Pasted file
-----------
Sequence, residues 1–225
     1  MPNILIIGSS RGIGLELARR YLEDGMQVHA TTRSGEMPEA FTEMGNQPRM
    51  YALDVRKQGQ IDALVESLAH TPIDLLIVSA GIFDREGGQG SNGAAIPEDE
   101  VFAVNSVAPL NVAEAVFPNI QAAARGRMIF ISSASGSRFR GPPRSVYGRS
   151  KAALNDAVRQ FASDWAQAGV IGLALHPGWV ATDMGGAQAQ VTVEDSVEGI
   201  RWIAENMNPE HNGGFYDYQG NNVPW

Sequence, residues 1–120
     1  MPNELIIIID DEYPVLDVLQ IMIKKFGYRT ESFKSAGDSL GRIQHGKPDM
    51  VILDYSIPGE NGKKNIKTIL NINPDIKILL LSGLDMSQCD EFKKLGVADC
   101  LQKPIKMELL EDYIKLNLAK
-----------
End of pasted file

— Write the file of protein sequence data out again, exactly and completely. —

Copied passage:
Sequence, residues 1–225
     1  MPNILIIGSS RGIGLELARR YLEDGMQVHA TTRSGEMPEA FTEMGNQPRM
    51  YALDVRKQGQ IDALVESLAH TPIDLLIVSA GIFDREGGQG SNGAAIPEDE
   101  VFAVNSVAPL NVAEAVFPNI QAAARGRMIF ISSASGSRFR GPPRSVYGRS
   151  KAALNDAVRQ FASDWAQAGV IGLALHPGWV ATDMGGAQAQ VTVEDSVEGI
   201  RWIAENMNPE HNGGFYDYQG NNVPW

Sequence, residues 1–120
     1  MPNELIIIID DEYPVLDVLQ IMIKKFGYRT ESFKSAGDSL GRIQHGKPDM
    51  VILDYSIPGE NGKKNIKTIL NINPDIKILL LSGLDMSQCD EFKKLGVADC
   101  LQKPIKMELL EDYIKLNLAK